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Book Review: Night Train to Lisbon

By on Mar 26, 2014 in Books | 0 comments

First published in German in 2004, the first English edition of Night Train to Lisbon was released in 2008. Last year, a film based on the book came out – something for a later review. Deeply literary and philosophical, it is a book which divides opinion, but it will certainly leave you thinking.  Year of release: 2004 (German edition); 2008 (English translation) Author: Pascal Mercier Translator: Barbara Harshav Rating: 4 stars The Book This is the story of Raimund Gregorius, a staid and predictable professor of ancient languages who lives his life to an entirely set routine, quietly impressing his students with his outstanding knowledge and total reliability. Until one day, when a woman in a red coat writes a phone number on his forehead and leaves him with the whisper of one word in his mind: Português. For the first time, Gregorious abandons his routine. He tracks down...

A Lisbon Literature Tour

By on Mar 18, 2014 in Europe, Travel | 6 comments

We were standing on the Santa Justa bridge in Bairro Alto, looking out at Lisbon’s terracotta rooftops spilling down the hillsides. The sun, now a deep orange, was just hitting the tops of the church spires, bathing the whitewashed buildings in rays of burnished light. The Rio Tejo glinted and glimmered in the distance. It was the second-to-last stop on my Lisbon Literature Tour. My guide, Rafael, was explaining part of a story in which two people, fleeing from Europe in the Second World War, are desperate for tickets for the ship bound for America. A man offers them the two tickets they need, in return for one evening spent in his company, wandering through Lisbon’s streets as he tells his sad story, and how it is that he came to be in Lisbon, giving up two tickets to freedom. “You must remember this for me,” says the man, as he bids them goodbye. “For I...

Cultural Berlin in 4 images

By on Mar 12, 2014 in Europe, Photography, Travel | 1 comment

Toting my camera around Berlin was a rewarding experience and – as my friends will wearily attest – I took a lot of photos. The blend of architecture, from soviet blocks to modern glass, the free rein given to graffiti artists, and the open-air museums offering both iconic history and stunning art, offer a particularly potent blend for the photography-mad. I’ve narrowed down my vast album of wonky, blurred and not-perfectly-composed images, taken in excitement and haste, to these four, which show some of Berlin’s main cultural attractions.   East Side Gallery A huge, reconstructed section of the Berlin Wall in Kreuzberg gives some impression of the scale of it, and of the eerie Nomansland in between the two sides. The wall is covered in original artworks from 1990, celebrating freedom and expressing political messages. Due to huge amounts of graffiti, some...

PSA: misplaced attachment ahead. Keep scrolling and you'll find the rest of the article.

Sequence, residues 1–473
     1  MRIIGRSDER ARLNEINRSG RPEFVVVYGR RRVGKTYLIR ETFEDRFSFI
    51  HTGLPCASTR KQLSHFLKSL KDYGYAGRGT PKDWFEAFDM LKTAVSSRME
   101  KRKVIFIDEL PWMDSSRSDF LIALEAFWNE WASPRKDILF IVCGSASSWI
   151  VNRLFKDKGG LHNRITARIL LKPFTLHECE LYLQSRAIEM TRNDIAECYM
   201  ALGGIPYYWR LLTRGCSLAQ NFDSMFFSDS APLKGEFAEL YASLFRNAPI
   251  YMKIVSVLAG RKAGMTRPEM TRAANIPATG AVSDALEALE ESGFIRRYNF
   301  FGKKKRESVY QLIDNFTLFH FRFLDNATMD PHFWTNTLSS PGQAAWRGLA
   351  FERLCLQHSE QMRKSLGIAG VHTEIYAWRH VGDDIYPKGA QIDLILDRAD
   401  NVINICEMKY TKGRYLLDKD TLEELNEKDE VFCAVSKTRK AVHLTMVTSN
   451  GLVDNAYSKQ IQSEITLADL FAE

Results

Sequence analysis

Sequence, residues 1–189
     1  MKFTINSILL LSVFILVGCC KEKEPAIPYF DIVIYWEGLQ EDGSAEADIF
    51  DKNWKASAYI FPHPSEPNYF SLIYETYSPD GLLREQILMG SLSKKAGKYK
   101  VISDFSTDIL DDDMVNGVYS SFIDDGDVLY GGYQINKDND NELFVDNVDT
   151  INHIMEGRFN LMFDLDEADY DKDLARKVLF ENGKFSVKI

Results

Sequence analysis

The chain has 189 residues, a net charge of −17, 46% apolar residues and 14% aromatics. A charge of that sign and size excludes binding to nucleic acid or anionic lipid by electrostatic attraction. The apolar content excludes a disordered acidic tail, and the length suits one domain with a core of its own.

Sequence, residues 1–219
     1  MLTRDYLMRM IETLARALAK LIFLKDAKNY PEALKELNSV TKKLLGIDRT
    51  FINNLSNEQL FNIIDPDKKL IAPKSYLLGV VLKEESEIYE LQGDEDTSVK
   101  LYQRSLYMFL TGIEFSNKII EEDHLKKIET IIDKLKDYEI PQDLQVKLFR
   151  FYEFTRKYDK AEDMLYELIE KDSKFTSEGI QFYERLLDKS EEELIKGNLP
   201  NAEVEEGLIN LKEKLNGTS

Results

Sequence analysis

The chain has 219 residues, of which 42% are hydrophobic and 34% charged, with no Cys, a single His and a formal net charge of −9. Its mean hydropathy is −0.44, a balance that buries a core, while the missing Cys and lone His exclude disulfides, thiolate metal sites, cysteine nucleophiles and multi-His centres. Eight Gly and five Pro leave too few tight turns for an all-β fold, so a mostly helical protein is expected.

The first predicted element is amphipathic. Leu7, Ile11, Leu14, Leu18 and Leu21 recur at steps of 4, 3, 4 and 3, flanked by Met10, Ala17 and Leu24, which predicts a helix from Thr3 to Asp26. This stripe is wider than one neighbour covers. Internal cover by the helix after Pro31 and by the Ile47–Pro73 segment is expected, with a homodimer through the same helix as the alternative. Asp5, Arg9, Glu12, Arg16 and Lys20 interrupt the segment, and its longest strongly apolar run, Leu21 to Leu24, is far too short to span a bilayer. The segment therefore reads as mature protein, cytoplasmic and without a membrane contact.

Nikolaiviertel: Berlin’s oldest district

By on Mar 3, 2014 in Europe, Travel | 2 comments

Berlin is an indisputably cool city. It is the punk-rock, graffiti-artist, high-school dropout of European capitals – the kind of character I am vaguely in awe of, slightly scared of, and will just never be. I was definitely in awe of the city; of its restored sections of Wall, complete with murals and graffiti, of the real-life punks, with shaven heads and hundreds of piercings, of the monumental, soviet, East Berlin architecture. But then, on our last morning in the city, my friends and I discovered Berlin’s oldest district, Nikolaiviertel, and I felt like I had found my little piece of Berlin. Nikolaiviertel is unmistakably medieval in appearance and character, though most of it has been restored since the Second World War. It is right at the centre of Berlin, between the Rathaus and Cathedral, very close to Alexanderplatz. But its small jumble of streets, just wide...

Five memories of Kensal Green

By on Feb 26, 2014 in Travel | 1 comment

After five months of living in London, I’m leaving to set off on a peripatetic few months through Europe. In that funny trick that time plays, it feels as though I have been here for much longer and shorter than five months; rhythms and routines feel so familiar that I might have been doing them forever, but at the same time there are hundreds of places I still haven’t seen and so much which still feels new. For now, I’m just bidding farewell to Kensal Green, my London home, but I know that this city will call me back time and again to experience more of what it has to offer. Five memories of Kensal Green 1. The small-town, independent high-street atmosphere, so close to the centre, and the cute little tube station I could call mine. It has no boring service notices, but instead an inspiring quote to welcome weary souls home. Telling us to dream, succeed, to be kind...

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